Reps. Ron Kind (Wis.) and Rashida Tlaib (Mich.) have little in common. Kind is a 12-term veteran of Congress, a leader of the Democratic caucus’s moderate wing. Tlaib is an unabashed liberal in the self-proclaimed “Squad” of young first-term Democrats.

Neither Democrat shows up on anyone’s radar for key battlegrounds next year — but both their districts are critical to the broader outcome in 2020.

That’s one of the key findings of an intensive report by Third Way, a center-left think tank that analyzed all 235 districts held by House Democrats to look at where the fault lines were not just for the House but also the Senate majority and the presidency in next year’s elections.

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The result is a portrait of the Democratic coalition, from the rural edge of Kind’s western Wisconsin district to the inner-city neighborhoods of Tlaib’s Detroit-based district, that shows the path to victory at every level of power in Washington.

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Kind, for example, sits in a district that flipped from supporting Barack Obama in 2012 to backing Donald Trump in 2016, a year in which Wisconsin narrowly sided with the GOP nominee. And poor turnout in Tlaib’s hometown helped Trump put Michigan in his win column.

Even as Kind, 56, and Tlaib, 43, presumably cruise to reelection next year, the margins they run up might prove decisive to their states’ critical total of 26 electoral votes. They have the potential to help boost, or deflate, the 2020 Democratic presidential nominee, a sign of how Democrats need to push to get every vote possible next year.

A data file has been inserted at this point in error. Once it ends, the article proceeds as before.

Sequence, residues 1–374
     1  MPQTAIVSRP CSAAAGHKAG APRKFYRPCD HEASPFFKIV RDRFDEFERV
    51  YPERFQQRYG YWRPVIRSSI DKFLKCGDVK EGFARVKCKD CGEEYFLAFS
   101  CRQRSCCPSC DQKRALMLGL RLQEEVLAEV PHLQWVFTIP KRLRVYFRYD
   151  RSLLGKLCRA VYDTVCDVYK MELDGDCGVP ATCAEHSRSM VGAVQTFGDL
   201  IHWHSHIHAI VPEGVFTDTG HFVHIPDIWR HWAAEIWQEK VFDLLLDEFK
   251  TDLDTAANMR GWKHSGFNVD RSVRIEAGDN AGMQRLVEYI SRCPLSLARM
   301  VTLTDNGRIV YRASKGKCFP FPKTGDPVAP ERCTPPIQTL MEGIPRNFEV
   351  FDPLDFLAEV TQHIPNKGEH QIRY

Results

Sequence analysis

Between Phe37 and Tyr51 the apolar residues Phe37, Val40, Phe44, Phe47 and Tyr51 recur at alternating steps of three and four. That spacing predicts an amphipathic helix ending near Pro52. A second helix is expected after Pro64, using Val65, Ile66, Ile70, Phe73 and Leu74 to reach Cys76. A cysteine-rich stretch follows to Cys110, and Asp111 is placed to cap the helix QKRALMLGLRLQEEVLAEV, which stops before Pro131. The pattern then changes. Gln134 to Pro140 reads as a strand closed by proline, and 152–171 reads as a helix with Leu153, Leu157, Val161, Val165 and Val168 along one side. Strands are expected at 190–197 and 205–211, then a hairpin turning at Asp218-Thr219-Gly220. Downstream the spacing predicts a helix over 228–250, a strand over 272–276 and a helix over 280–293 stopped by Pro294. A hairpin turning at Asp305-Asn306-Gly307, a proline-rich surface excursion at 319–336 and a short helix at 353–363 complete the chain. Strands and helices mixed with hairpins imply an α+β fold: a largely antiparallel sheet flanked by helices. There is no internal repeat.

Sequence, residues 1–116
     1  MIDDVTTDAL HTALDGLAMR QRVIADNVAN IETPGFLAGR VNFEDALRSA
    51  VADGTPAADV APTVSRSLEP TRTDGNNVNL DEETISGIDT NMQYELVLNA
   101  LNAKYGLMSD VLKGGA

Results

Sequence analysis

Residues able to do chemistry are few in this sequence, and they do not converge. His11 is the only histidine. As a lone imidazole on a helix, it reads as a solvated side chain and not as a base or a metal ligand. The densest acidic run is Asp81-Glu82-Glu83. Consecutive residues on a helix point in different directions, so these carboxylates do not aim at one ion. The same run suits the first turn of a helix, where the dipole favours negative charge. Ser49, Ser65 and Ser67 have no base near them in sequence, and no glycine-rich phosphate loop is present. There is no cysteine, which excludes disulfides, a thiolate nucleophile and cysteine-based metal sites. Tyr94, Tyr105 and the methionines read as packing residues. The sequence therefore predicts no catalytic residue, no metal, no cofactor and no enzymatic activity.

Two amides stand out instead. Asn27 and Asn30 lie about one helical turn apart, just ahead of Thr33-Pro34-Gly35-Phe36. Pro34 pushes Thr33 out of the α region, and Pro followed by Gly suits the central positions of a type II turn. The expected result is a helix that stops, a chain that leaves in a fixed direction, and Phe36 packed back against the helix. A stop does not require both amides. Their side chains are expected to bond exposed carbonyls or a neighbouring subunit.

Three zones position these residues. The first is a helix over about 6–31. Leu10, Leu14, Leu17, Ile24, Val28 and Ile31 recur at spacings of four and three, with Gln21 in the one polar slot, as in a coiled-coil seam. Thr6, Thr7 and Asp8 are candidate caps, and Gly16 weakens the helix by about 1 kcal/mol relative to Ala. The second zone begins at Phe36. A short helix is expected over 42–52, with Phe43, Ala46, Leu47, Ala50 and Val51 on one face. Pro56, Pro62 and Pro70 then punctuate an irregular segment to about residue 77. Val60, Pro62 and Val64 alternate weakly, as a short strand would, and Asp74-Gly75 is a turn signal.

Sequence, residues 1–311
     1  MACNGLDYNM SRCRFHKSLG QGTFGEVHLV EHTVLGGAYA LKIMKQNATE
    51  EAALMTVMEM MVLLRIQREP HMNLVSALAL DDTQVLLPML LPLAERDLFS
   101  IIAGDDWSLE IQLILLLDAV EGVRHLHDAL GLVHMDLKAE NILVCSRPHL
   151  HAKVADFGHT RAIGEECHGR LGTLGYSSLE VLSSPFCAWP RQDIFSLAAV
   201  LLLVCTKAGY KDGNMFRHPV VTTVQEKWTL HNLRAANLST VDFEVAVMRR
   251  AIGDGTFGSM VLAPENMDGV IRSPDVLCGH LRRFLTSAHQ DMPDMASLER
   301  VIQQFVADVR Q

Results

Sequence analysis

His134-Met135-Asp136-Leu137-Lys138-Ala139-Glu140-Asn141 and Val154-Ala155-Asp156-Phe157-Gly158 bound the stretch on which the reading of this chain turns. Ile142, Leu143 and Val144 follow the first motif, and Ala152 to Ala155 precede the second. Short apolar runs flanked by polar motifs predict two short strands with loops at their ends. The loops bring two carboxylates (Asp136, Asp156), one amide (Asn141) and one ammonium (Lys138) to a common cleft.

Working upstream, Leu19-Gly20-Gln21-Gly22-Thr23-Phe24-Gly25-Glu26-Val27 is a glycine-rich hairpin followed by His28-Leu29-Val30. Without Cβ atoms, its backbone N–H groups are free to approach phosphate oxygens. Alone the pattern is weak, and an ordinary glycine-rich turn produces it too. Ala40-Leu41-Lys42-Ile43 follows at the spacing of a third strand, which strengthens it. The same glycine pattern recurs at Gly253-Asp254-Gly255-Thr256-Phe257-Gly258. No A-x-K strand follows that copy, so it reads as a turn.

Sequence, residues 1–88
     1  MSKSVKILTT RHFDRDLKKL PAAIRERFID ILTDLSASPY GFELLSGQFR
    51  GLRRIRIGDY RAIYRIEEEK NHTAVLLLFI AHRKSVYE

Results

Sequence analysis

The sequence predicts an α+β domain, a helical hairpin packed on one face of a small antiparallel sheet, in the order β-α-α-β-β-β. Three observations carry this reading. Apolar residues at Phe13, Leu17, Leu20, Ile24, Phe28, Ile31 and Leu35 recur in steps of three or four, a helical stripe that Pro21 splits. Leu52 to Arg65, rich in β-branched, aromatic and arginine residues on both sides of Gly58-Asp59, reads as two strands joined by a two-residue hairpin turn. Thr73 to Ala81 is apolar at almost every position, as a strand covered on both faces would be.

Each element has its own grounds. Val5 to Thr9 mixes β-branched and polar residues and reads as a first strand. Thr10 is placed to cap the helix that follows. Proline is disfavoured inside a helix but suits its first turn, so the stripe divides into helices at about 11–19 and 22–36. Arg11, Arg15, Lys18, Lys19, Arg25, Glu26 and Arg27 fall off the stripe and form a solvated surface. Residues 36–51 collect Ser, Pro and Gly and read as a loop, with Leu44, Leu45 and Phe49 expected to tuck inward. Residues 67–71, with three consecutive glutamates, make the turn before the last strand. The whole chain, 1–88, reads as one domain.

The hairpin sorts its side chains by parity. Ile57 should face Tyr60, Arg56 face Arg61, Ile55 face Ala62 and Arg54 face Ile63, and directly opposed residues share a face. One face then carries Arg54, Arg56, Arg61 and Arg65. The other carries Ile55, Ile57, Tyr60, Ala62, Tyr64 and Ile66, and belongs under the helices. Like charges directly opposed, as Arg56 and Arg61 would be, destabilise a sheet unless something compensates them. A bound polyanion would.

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“Just focusing on one thing is not going to be enough. You need all of it,” David de la Fuente, the author of the Third Way report, said in an interview.

He mapped out which seats are key to victories that will enable Democrats to retain the House majority as well as win back the Senate and the presidency.

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In all, de la Fuente’s report focused on 99 House districts that had at least one of five attributes: the 43 freshman Democrats who flipped a Republican seat in 2018; any Democrat whose margin of victory last year was in single digits; the 31 districts that Trump won in 2016; any seat in a presidential battleground; and any seat in a state with a key Senate race.

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Third Way, created in the “New Democrat” mold of Bill Clinton’s presidency, often clashes with more liberal activists over party ideology, but in this report the group has tried to illustrate the range of political geography Democrats need to focus their energy on to ensure a broad victory.

So, in this regard, Third Way places double the value on Tlaib, whose staunchly liberal positions would be out of place with the group’s moderate policy prescriptions. But her seat could prove critical to building turnout for the presidential race and to reelect Sen. Gary Peters (Mich.), one of the few incumbent Democrats that Republicans want to target in a year the GOP will mostly be on defense.

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Here’s why: In 2016, Tlaib’s district gave Hillary Clinton a margin of victory of almost 61 percentage points, which might seem staggering. But four years earlier, that district gave Obama a nearly 71-point margin.

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Trump won Michigan by fewer than 11,000 votes, making that small drop in Detroit critical to Clinton’s defeat statewide.